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Human Cells with ‘Built-in Genetic Circuit’ can impair ability of Cancer Cells to Survive and Grow, say Researchers

As tumours develop and grow, they rapidly outstrip the supply of oxygen delivered by existing blood vessels

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FILE - A biotechnician demonstrates the loading of a genome sequencing machine at the J. Craig Venter Institute in Rockville, Maryland. Relative to their ability to pay, cancer patients in China and India face much higher prices than wealthier U.S. patients. VOA
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London, Nov 26, 2016: Researchers have engineered cells with a “built-in genetic circuit” that produces a molecule that impairs the ability of cancer cells to survive and grow in their low oxygen environment.

The genetic circuit produces the machinery necessary for the production of a compound that inhibits a protein which has a significant and critical role in the growth and survival of tumours.

This results in the cancer cells being unable to survive in the low oxygen, low nutrient tumour micro-environment.

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“In a wider sense, we have given these engineered cells the ability to fight back — to stop a key protein from functioning in cancer cells,” said lead researcher Ali Tavassoli, Professor at the University of Southampton in Britain.

“This opens up the possibility for the production and use of sentinel circuits, which produce other bioactive compounds in response to environmental or cellular changes, to target a range of diseases including cancer,” Tavassoli said.

As tumours develop and grow, they rapidly outstrip the supply of oxygen delivered by existing blood vessels. This results in cancer cells needing to adapt to a low oxygen environment.

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To enable them to survive, adapt and grow in the low oxygen or ‘hypoxic’ environment, tumours contain increased levels of a protein called Hypoxia-inducible factor 1 (HIF-1).

This protein senses reduced oxygen levels and triggers many changes in cellular function, including a changed metabolism and sending signals for the formation of new blood vessels.

It is thought that tumours primarily hijack the function of this protein (HIF-1) to survive and grow.

“In an effort to better understand the role of HIF-1 in cancer, and to demonstrate the potential for inhibiting this protein in cancer therapy, we engineered a human cell line with an additional genetic circuit that produces the HIF-1 inhibiting molecule when placed in a hypoxic environment,” Tavassoli explained.

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“We’ve been able to show that the engineered cells produce the HIF-1 inhibitor, and this molecule goes on to inhibit HIF-1 function in cells, limiting the ability of these cells to survive and grow in a nutrient-limited environment as expected,” Tavassoli noted.

The genetic circuit was incorporated onto the chromosome of a human cell line, which encodes the protein machinery required for the production of their cyclic peptide HIF-1 inhibitor.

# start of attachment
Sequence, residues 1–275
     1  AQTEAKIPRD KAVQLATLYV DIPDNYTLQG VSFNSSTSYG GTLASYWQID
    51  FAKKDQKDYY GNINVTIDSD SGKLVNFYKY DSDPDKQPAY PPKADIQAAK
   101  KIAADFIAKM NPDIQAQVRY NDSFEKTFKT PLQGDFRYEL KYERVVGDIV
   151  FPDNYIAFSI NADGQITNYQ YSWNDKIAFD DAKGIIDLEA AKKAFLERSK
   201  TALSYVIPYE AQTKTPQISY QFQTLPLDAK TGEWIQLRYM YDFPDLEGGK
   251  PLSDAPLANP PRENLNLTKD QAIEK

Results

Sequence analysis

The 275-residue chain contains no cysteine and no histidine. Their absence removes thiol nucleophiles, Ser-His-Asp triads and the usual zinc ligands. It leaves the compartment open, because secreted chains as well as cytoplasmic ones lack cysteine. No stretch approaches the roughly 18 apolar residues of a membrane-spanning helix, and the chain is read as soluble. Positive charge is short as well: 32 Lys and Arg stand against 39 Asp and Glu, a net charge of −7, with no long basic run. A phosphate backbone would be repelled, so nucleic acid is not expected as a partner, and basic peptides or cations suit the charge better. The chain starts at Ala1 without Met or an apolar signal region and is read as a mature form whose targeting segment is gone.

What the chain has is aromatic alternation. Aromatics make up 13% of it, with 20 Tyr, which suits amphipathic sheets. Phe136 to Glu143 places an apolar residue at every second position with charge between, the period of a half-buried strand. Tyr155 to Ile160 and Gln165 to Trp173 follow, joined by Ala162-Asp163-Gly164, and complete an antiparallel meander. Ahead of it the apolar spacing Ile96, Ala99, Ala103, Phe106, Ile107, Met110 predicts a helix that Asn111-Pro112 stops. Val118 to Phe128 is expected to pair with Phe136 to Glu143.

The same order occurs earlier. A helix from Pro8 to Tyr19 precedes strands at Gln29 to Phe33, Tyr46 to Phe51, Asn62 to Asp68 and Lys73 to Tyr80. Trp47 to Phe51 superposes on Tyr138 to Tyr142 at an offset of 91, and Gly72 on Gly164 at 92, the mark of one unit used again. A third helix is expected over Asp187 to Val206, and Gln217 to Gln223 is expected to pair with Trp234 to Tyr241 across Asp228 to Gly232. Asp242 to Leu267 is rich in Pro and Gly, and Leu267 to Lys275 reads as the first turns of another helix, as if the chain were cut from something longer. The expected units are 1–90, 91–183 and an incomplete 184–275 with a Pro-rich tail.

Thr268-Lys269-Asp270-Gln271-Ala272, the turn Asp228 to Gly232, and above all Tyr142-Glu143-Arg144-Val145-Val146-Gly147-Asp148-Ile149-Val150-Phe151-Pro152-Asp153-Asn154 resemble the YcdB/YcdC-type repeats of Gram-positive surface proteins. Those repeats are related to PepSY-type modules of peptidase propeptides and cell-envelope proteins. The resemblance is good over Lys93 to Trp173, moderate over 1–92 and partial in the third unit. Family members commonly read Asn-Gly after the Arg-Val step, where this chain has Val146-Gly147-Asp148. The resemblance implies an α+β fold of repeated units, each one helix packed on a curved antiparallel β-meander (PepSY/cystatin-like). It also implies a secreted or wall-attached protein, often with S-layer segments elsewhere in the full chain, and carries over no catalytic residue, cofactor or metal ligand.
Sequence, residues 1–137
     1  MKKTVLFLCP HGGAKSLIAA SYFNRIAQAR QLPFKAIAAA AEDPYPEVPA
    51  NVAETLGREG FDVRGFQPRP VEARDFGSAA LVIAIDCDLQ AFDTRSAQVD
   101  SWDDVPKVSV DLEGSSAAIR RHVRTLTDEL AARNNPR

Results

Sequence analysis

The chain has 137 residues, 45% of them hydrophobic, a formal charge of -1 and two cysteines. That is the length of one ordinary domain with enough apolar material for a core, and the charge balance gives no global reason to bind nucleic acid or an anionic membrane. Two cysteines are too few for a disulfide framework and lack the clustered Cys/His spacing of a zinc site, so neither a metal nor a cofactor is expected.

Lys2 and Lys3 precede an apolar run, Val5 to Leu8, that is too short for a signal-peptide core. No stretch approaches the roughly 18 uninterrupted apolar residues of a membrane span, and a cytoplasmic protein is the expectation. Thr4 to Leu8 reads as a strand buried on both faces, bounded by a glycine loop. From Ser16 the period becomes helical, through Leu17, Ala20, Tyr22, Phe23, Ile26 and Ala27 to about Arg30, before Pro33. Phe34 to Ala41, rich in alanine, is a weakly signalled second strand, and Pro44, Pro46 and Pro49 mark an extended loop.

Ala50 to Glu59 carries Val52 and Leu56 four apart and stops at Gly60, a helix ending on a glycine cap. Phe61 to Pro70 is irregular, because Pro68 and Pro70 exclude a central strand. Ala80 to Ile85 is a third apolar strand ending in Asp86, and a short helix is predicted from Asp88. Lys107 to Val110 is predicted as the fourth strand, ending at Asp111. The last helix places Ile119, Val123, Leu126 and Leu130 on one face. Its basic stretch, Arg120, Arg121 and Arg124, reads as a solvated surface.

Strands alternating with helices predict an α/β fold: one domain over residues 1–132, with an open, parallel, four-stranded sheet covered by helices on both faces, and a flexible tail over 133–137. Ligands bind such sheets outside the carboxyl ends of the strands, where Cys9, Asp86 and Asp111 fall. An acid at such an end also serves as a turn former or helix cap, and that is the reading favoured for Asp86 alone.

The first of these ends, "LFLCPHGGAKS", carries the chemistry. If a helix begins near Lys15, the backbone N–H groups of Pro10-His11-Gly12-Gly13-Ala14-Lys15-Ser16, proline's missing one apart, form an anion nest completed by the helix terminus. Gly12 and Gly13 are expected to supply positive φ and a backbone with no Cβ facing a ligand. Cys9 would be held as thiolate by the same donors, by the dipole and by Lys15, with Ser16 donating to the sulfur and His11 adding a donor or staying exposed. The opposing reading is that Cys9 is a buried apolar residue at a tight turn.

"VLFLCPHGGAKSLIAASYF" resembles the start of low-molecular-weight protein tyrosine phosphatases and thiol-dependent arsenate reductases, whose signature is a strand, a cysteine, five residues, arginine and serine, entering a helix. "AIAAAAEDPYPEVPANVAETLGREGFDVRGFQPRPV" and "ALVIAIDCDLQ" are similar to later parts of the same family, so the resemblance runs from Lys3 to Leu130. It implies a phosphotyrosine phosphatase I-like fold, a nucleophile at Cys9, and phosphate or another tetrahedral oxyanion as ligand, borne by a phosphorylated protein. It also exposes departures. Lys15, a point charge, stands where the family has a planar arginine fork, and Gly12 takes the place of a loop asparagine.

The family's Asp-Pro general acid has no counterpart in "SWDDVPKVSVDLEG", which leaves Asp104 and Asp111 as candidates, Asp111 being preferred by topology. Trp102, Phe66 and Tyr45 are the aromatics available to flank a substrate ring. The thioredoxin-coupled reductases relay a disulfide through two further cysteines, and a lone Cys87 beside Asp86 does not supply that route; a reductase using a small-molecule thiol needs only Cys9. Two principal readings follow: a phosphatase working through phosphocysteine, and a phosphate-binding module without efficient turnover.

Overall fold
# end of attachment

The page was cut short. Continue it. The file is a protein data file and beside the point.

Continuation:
The research, published in the journal ACS Synthetic Biology, demonstrates the possibility of adding new machinery to human cells to enable them to make therapeutic agents in response to disease signals. (IANS)

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New Biomarker Helps Identify Cancer Chemotherapy Timing

Angiogenesis therapy is clinically used to suppress tumour growth. Adding an anti-angiogenic drug can boost an anticancer drug's effectiveness

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Biomarker can be used to decide timing fro chemotherapy.

In ray of hope for doctors to identify the tumour normalising period for effective timing of anti-cancer drug treatment, a team of researchers have discovered a new biomarker that can visualise the activity of blood vessels.

Angiogenesis, the formation of new blood vessels, is essential for tumour growth. The team from Osaka University in Japan, in a paper reported in The American Journal of Pathology, described a vascular stabilization biomarker that can visualize blood vessel activity, thus optimising the timing of anticancer therapies including anti-angiogenics.

Chronic diseases are not yet included in cancer prevention schemes.
This can help cancer patients greatly.

Combination therapy using angiogenesis inhibitors and anticancer drugs can improve drug delivery into tumour tissues and prolong progression-free survival. “Vascular normalisation by angiogenesis inhibitors, such as vascular endothelial growth factor (VEGF) signaling inhibitors, is a promising method for improvement of chemotherapy.

“However, it is unclear how we can recognise the ‘window of opportunity’ for the tumour vascular normalising period for effective timing of anti-cancer drug treatment. Therefore, biomarkers delineating this window are essential,” explained Nobuyuki Takakura, Professor at Research Institute for Microbial Diseases, Osaka University.

Also Read: What We Know About Cancer Risk and Coffee

Angiogenesis therapy is clinically used to suppress tumour growth. Adding an anti-angiogenic drug can boost an anticancer drug’s effectiveness. Basic research indicates that anti-angiogenic therapy allows the blood vessels to return to quiescence and “normalise” so that the anti-cancer drug can penetrate the tumour more effectively. IANS